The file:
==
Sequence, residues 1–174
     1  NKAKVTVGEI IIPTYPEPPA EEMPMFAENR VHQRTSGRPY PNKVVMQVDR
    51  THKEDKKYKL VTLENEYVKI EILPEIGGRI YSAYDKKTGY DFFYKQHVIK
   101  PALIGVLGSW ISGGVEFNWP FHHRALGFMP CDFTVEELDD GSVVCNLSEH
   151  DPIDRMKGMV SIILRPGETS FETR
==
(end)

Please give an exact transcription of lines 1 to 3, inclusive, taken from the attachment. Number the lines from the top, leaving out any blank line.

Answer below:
Sequence, residues 1–174
     1  NKAKVTVGEI IIPTYPEPPA EEMPMFAENR VHQRTSGRPY PNKVVMQVDR
    51  THKEDKKYKL VTLENEYVKI EILPEIGGRI YSAYDKKTGY DFFYKQHVIK